Higher Whole-Grain Intake Is Associated with Lower Risk of Type 2 Diabetes among Middle-Aged Men and Women: The Danish Diet, Cancer, and Health Cohort

J Nutr. 2018 Sep 1;148(9):1434-1444. doi: 10.1093/jn/nxy112.


Background: Type 2 diabetes is a major health concern worldwide. Whole grains and cereal fiber may offer protective effects on type 2 diabetes risk. However, few studies have been conducted in cohorts with detailed information on whole-grain cereal intakes and product types and with wide ranges of intake.

Objective: We investigated the associations between whole-grain intake, including intakes of different cereal types and products, and the risk of type 2 diabetes in a population with wide and diverse whole-grain intake.

Methods: We used data from the Danish Diet, Cancer, and Health cohort including 55,465 participants aged 50-65 y at baseline. Of these, 7417 participants were diagnosed with type 2 diabetes during follow-up (median: 15 y). Detailed information on the intake of whole-grain products was available from a food-frequency questionnaire, and total whole-grain intake and whole-grain cereal types (wheat, rye, oats) were calculated in grams per day. Associations were examined by using Cox proportional hazards models with adjustment for potential confounders.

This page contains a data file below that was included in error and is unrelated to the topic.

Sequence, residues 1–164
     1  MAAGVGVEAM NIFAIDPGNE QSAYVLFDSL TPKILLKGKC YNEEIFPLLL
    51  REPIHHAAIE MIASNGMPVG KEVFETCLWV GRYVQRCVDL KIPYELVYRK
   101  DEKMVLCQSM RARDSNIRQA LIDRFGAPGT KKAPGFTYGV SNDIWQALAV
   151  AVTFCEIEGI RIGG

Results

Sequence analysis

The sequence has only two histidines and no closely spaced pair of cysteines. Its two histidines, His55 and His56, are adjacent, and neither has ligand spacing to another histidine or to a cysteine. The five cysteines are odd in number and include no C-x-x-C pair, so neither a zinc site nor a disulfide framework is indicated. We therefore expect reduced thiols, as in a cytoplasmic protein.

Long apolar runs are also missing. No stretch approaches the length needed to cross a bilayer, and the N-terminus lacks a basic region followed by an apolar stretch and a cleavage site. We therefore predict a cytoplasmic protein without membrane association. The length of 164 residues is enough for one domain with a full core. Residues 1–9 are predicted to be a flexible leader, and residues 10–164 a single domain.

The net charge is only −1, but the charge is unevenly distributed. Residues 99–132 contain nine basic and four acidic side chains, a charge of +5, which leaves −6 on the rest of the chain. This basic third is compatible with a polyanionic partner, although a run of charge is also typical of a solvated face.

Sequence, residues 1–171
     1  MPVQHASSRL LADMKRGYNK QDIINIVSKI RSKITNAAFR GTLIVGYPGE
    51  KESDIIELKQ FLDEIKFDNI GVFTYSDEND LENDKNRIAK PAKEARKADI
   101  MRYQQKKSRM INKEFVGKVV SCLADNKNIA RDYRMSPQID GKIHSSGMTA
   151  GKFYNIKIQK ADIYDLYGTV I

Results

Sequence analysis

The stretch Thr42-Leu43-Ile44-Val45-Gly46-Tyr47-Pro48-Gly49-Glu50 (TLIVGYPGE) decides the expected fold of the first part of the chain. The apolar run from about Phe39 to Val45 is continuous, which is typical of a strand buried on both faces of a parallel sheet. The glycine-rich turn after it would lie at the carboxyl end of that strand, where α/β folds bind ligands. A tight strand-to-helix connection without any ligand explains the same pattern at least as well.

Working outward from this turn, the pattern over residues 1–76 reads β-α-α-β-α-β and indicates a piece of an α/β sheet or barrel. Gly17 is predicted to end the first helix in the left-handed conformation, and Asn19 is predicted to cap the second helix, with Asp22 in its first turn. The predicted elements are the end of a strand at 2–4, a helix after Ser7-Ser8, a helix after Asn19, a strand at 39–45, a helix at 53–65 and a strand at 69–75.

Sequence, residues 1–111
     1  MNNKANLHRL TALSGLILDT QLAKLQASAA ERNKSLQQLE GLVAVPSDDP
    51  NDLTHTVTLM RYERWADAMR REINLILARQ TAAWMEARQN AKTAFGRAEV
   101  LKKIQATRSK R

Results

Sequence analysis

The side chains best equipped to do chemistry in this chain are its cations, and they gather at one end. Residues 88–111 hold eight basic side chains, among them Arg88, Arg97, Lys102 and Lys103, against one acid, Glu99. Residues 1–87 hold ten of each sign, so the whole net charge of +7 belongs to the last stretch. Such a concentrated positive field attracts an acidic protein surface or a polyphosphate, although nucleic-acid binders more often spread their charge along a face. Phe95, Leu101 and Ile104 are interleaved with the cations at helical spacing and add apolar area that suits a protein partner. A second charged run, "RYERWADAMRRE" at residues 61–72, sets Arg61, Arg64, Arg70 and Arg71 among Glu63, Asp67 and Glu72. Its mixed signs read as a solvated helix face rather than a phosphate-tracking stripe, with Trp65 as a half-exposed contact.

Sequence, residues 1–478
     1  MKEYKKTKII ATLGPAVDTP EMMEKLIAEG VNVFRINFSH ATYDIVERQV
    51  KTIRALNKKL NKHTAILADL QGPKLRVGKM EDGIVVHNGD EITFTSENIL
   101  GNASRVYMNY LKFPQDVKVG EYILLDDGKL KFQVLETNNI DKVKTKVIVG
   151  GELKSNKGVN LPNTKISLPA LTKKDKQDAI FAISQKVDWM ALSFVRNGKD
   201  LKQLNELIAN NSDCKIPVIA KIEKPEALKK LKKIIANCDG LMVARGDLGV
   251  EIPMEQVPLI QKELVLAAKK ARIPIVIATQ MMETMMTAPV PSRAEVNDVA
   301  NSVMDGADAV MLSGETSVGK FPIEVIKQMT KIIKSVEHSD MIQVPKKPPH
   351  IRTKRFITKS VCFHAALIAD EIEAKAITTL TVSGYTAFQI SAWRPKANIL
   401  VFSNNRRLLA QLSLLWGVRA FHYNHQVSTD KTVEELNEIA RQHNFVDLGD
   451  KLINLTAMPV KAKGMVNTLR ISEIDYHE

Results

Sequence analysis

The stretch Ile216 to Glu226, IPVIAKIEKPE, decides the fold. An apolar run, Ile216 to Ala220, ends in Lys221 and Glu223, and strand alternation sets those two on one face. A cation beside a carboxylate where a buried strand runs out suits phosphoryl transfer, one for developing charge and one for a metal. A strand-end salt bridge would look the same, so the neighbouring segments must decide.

Results: Whole-grain intake was associated with an 11% and 7% lower risk of type 2 diabetes per whole-grain serving (16 g) per day for men and women, respectively [HR (95% CI)-men: 0.89 (0.87, 0.91); women: 0.93 (0.91, 0.96)]. For men, the intake of all whole-grain cereal types investigated (wheat, rye, oats) was significantly associated with a lower risk of type 2 diabetes, but only wheat and oats intake was significantly associated for women. Among the different whole-grain products, rye bread, whole-grain bread, and oatmeal/muesli were significantly associated with a lower risk of type 2 diabetes for both men and women.

Conclusions: In this cohort study, we found consistent associations between high whole-grain intake and lower risk of type 2 diabetes. Overall, an association was found for all different cereals and whole-grain products tested.

Publication types

  • Research Support, Non-U.S. Gov't

MeSH terms

  • Aged
  • Avena
  • Cohort Studies
  • Denmark / epidemiology
  • Diabetes Mellitus, Type 2 / epidemiology
  • Diabetes Mellitus, Type 2 / prevention & control*
  • Diet Records
  • Diet*
  • Female
  • Health Status
  • Humans
  • Male
  • Middle Aged
  • Neoplasms
  • Proportional Hazards Models
  • Risk Factors
  • Secale
  • Surveys and Questionnaires
  • Triticum
  • Whole Grains*